Just a while ago, AWS was organizing a thrilling, action packed, bootcamp (Delivery Best Practices) at their Berlin offices. The focus was on cloud adoption readiness, migration planning & execution. As an added bonus we also covered a topic everyone loves right now, serverless. I'll be going through some of the key things we covered and share them with you.
Berlin is an amazing city with so much to see. Unfortunately, we (that's me and our Cybercom penguin) only had a couple of hours to spare around the city. I really hope to go back there as soon as possible and have some more spare time.
The bootcamp itself is typically spanning over the course of three days, but due to time constrains we only had two. To be honest, that's quite tight schedule as there's more than enough topics to expand the whole bootcamp to even five days. Well, as said, we only had two and this naturally lead to quite long days and skipping some non-vital parts.
One of the biggest topics in the bootcamp was surely the AWS CAF, short for Cloud Adoption Framework. The CAF is a framework created by AWS Professional Services to guide organizations navigate through their cloud adoption journey, efficiently and effectively.
The framework is organized in six different domains, called perspectives, which are further divided into technical and business perspectives.
Source: AWS Website
As we spent quite a lot of time with CAF, I started to like it quite much. It covers all the needed aspects of cloud transition and operations reasonably well. I think this makes cloud adoption much more controlled and less intimidating.
The CAF with an imaginary company
So, you're currently running your stuff on-premise and have decided to start a project to migrate that to cloud. Great idea, but how should you plan and execute all that?
AWS has created many migration related best practices and strategies you could utilize to start planning for your cloud migration. The resources cover wide variety of migration aspects including:
- Business drivers
- Stages of Adoption
- Migration Process
- Migration Strategies
- Tools and services used
The migration process can be divided into five distinct phases:
- Preparation & Business planning
- Portfolio discovery & planning
- Application Design
- Application migration & validation
The migration strategies AWS is proposing are based on "The 5 R's" made famous by Gartner in 2011 with some modifications along the way.
Source: AWS website
The bootcamp included various smaller hands-on workshops. One of them was around cloud migration, where we planned a migration for apps of an imaginary company.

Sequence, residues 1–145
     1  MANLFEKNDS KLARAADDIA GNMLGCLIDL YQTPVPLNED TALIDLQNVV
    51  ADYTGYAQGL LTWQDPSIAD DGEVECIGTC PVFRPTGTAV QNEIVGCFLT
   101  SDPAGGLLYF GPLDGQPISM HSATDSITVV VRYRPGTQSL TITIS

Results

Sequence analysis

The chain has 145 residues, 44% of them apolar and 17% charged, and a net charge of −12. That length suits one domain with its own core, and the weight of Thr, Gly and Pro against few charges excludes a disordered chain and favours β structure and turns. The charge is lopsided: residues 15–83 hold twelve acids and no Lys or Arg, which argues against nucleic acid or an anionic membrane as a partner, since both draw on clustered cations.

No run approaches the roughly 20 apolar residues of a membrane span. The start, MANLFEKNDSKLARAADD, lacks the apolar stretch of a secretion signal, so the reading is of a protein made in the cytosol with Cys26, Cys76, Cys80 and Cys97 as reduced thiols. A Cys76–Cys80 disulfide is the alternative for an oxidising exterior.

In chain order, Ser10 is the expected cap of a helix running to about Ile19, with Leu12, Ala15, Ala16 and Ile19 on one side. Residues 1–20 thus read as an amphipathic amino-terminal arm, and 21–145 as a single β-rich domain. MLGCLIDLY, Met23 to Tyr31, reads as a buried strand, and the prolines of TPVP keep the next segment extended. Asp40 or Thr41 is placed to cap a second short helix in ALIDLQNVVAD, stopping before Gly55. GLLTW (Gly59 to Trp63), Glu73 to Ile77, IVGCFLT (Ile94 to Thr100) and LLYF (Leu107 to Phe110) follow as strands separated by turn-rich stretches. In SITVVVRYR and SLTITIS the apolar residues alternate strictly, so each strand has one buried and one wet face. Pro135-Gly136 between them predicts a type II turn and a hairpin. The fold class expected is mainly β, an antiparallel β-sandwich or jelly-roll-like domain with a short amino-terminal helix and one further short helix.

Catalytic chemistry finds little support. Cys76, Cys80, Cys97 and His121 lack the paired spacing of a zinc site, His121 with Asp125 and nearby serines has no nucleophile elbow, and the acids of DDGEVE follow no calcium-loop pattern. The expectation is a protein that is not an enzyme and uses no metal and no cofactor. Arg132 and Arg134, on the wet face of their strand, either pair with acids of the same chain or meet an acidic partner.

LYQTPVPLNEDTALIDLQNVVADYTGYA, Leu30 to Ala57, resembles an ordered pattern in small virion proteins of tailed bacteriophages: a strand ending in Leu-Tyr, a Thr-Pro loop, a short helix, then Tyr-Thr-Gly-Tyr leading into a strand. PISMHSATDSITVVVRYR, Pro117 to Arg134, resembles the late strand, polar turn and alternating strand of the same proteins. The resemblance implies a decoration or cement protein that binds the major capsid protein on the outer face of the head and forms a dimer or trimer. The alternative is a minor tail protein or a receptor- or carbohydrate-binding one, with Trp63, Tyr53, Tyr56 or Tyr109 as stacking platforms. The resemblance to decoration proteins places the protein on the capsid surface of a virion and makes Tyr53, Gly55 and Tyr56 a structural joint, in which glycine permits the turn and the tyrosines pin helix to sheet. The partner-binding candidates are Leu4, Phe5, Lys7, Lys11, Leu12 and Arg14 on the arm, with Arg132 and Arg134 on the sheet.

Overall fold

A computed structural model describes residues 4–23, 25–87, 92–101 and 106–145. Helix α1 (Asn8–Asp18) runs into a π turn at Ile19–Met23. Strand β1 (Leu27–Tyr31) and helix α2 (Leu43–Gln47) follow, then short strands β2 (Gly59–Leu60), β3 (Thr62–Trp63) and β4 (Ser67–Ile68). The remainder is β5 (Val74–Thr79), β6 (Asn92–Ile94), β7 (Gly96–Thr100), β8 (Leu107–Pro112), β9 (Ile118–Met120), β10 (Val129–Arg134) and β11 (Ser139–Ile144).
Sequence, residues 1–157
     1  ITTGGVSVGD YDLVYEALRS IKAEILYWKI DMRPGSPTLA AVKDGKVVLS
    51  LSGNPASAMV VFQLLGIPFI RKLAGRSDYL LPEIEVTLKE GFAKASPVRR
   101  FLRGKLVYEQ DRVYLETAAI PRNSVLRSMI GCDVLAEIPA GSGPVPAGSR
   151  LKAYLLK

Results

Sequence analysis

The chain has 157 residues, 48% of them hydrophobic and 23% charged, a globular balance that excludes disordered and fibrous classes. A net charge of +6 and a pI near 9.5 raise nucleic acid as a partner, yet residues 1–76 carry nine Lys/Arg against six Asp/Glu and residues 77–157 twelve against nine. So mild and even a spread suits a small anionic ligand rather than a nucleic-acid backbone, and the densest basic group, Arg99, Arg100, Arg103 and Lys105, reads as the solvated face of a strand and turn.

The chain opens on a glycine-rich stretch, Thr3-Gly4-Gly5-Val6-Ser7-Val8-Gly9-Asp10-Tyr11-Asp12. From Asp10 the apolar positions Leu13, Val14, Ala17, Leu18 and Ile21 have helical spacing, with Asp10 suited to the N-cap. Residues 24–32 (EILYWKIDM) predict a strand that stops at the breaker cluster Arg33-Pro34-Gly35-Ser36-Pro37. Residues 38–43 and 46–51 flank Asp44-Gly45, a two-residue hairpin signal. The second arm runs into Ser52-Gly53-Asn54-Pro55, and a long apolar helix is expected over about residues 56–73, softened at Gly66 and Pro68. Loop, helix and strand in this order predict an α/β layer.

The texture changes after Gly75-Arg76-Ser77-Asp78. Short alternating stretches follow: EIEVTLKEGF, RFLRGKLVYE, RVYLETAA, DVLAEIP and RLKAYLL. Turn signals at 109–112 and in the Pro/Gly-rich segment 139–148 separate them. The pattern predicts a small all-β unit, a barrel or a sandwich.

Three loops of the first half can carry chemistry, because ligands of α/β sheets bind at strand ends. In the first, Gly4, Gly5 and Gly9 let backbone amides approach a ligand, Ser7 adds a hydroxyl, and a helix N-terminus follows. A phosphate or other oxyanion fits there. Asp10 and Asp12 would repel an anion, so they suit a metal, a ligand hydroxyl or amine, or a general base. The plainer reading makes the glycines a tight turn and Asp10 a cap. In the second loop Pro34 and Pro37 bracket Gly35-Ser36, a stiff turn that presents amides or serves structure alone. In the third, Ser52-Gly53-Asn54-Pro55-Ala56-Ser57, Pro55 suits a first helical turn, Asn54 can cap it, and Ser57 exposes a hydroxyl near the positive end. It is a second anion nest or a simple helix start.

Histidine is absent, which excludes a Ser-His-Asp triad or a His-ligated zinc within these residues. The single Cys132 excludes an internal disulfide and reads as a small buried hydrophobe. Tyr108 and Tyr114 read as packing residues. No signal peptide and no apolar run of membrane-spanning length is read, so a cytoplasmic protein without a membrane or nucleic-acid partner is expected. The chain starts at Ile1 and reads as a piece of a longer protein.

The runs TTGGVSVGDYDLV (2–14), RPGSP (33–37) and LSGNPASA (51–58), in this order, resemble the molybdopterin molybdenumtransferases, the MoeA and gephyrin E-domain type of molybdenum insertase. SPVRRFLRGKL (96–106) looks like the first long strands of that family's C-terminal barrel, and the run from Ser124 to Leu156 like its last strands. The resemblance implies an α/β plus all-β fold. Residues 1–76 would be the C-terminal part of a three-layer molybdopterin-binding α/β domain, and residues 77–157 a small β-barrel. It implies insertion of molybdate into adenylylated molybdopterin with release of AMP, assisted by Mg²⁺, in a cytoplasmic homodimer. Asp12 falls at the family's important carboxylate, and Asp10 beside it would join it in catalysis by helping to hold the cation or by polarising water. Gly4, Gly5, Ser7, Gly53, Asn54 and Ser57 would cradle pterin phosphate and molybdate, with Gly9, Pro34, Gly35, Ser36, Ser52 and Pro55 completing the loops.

We were divided into groups and each group had to present their design and vision. Fun fun fun…
Without a doubt, serverless is a topic everyone is talking about right now and to be honest, they have a really good reason to boast about it.
The way AWS approaches serverless is called Lambda. Lambda was released at AWS re:invent 2014 and since then it's been taking the tech world by storm and evolving constantly. An example of how it’s been evolving, is the number of supported languages. Initially it started with node.js only, and today Lambda is supporting a ton of languages like python, C# and Go to name a few.
With Lambda you don't need to worry about compute instances, VMs or containers. The thing to concentrate on is functions, which are the unit of deployment and scaling. You're not paying for idle resources as you only pay for executed functions.
Source: AWS website
Typical use cases for Lambda tends to gravitate towards real-time stream processing, real-time file processing, ETL workloads, IOT & Mobile backends and web applications. Obviously, there are use cases where Lambda might not be the perfect fit. For example, Lambda might not be the solution for really low latency workloads. The same goes for really high payload workloads. I really suggest you read the Lambda FAQ before starting your serverless journey.
During the bootcamp we did some studies on various serverless architectures and techniques, but due to the time constrains, we had to skip most of the actual labs. That was really a shame as I really like working with Lambda.
As an interesting anecdote, we’re currently seeing a lot of companies who have missed the container-train completely and are skipping directly to serverless where appropriate. Makes sense to me!
Once again Berlin delivered wonderful experiences and massive amount of information. The bootcamp was a success! It was a shame, we couldn’t have the full 3-day workshop as I really would’ve liked to dig much deeper into the serverless architectures and do the full-blown cloud migration exercises. Maybe next time…
If you’re interested in cloud adaption, migrations or virtually anything cloud related, we at Cybercom are at your disposal. Get in touch with us.